casino, culture, gambling, it could be fun, it could make some money, native americans, pow wow, tourism
broken bats splinter
There are 460 Native American gambling casinos run by 240 tribes. From Milwaukee’s Potawatomie to Lone Butte in Chandler, Arizona, (1) round and round you go in an air conditioned tourist bus placing bets and….
What if the Iroquois Confederacy really did have a big influence on the American Constitution? The five nation peace is an attractive legacy, especially to those who don’t mind surrendering their ears to a megaphone’s play by play of the passing scenery.
It would be like the Real Bronx Tours (2) parading through American ghettos where all that exciting crime takes place. Apparently, Europeans and Australians had been buying tickets in bunches until they discontinued the activity. (2) Bronx Borough President Ruben Diaz called the tour “the biggest fool on the planet….disgusting.”
Can you imagine how much those same European and Australian tourists would dig a look around American Indian Reservations with gambling hoe downs each and every night?…
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Cumberland Plateau, Flute, Native Americans, Native Americans in the United States, novel writing, Old Stone Fort, Stone Door at Savage Gulf, writing research
On the Beersheba Springs side of Savage Gulf, there is a huge gap in the ridge of the Cumberland Plateau known as Stone Door. Before they were called Native Americans :), the Indians carved out steps through this breach. It is quite impressive.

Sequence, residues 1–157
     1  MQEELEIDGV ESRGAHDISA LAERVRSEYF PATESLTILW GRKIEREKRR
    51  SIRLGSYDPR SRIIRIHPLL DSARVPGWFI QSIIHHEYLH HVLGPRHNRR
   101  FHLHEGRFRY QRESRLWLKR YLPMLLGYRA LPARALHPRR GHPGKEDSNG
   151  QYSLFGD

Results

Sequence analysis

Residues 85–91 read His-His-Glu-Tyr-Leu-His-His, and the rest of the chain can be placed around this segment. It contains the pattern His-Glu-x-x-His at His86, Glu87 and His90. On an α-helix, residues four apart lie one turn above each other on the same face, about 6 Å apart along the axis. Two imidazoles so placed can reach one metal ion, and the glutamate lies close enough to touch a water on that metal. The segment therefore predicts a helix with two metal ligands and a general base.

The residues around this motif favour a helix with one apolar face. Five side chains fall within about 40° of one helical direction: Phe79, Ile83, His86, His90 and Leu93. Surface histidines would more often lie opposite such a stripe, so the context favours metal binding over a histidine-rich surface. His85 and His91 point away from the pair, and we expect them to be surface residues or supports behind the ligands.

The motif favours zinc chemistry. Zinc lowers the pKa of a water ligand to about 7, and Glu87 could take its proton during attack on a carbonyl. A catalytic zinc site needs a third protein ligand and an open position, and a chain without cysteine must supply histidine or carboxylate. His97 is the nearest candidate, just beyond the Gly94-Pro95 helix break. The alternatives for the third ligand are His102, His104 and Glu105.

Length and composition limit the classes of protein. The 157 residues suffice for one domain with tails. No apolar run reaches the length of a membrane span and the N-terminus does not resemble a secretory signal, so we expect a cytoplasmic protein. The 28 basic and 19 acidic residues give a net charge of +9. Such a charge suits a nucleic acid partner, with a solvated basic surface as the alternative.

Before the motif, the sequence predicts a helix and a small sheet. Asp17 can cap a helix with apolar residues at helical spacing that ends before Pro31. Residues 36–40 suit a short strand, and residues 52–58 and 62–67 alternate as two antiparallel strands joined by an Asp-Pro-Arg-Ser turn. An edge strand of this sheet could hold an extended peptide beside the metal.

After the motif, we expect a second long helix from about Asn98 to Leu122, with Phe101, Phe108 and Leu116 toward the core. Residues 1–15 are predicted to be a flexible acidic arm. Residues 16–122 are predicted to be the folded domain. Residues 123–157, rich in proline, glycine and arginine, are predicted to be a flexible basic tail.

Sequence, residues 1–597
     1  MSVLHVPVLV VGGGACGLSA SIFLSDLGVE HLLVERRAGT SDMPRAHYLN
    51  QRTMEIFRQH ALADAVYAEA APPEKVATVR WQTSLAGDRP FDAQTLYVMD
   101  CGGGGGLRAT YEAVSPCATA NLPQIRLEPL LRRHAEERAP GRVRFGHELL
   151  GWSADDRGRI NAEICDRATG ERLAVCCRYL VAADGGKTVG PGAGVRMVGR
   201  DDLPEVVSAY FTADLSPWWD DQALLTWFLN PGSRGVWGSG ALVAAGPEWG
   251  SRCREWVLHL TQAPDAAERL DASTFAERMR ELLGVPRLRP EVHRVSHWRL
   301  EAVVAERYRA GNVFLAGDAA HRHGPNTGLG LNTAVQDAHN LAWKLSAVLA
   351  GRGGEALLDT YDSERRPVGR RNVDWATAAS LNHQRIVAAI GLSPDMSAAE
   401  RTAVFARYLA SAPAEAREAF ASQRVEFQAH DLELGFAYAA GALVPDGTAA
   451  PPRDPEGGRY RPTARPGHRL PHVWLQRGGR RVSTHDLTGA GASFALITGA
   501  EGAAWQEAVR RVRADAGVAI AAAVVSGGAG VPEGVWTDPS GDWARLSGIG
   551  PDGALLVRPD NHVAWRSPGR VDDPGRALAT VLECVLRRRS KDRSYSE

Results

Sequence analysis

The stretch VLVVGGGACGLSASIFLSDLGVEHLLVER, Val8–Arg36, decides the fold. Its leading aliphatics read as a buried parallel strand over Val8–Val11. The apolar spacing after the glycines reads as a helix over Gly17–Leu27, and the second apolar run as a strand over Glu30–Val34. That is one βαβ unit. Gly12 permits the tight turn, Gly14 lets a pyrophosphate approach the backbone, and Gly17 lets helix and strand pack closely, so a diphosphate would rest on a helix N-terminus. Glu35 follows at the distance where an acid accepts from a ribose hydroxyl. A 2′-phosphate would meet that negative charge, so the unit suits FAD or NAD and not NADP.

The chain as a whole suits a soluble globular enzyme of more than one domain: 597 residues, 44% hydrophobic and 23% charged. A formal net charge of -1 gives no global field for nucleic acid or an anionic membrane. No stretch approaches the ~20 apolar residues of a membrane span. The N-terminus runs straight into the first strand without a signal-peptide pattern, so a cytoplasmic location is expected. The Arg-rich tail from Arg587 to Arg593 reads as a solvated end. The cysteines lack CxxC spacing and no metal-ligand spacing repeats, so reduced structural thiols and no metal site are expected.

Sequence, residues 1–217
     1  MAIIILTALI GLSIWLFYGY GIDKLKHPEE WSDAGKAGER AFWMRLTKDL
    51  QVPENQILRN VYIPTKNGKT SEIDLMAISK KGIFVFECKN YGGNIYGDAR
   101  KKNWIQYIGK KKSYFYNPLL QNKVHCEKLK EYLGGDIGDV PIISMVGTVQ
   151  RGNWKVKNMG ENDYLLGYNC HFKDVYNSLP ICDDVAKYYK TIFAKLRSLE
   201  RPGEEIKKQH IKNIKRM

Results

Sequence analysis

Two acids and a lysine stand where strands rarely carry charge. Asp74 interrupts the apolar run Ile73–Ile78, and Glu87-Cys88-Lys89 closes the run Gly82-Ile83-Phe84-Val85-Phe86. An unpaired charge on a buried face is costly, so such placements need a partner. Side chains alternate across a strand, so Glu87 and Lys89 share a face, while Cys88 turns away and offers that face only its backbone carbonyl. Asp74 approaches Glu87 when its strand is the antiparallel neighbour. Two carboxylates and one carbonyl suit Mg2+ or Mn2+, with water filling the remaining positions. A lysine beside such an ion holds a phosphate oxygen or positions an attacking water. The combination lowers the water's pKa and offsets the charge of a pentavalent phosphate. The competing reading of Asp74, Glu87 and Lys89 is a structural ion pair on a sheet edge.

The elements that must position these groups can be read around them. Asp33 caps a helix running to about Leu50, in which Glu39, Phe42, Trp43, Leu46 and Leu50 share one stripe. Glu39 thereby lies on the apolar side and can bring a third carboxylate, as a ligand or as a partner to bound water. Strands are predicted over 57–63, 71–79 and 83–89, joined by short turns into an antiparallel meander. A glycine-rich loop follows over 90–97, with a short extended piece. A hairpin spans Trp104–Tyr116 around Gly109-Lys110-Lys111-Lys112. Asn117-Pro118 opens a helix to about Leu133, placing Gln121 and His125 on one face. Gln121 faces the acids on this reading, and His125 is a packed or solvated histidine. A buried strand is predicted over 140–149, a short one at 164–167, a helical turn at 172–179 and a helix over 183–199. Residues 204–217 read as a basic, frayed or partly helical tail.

I read somewhere—and I can’t find it now—that the Indians who crossed the Stone Door used it as a migratory route every year. This is what piqued my interest. For two years, I searched online for pictures of this Stone Door. I couldn’t find any that comprehensively depicted it, and now I know why. The gap is just twisty enough that you can’t get it all in one shot.
There are pictures of the gap from the sky. There are pictures at the entrance of the Stone Door and at the bottom. But seeing the whole thing is something you can’t experience through a photo.
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Badin, Hardaway Site, Native Americans, powwow
The Stanly County Town of Badin continues to celebrate its centennial with a series of special events through the year.
This weekend, the town will host the first “Historic Badin Hardaway Powwow”. Organizers say the powwow will be “a rousing and colorful celebration of spirit and culture,” planned to unite Native American nations from around the country around the famed Hardaway Site. Dancers and drummers will be featured in what planners hope will become an annual event in the town.
The Hardaway site, along the shore of what is now Badin Lake, was first recognized in 1937. Digging was done there from 1948 to 1958, making the Hardaway Site one of the oldest archaeological sites excavated in the southeastern U.S.
The Hardaway Powwow is set to begin with a grand entry Fri. at 6:00 p.m. and continue until 10:00 p.m., followed by an afternoon and evening of activities again on…
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Historic Places, History, Native Americans.
On June 20th, 1863 West Virginia became the 35th star on the flag of the USA. President Lincoln signed the legislation on December 31, 1862. The voters approved the proposed state’s Constitution on March 26, 1863, and those votes were certified on April 20, 1863, with the state’s existence commencing in 60 days. West Virginia holds several ironies. It is the only state derived from another state. It is the last slave-state admitted, but was pro-Union. And, while it’s Constitutionality has been questioned, it has never been directly challenged nor confirmed in a court of law. So, what happened to Kanawha?
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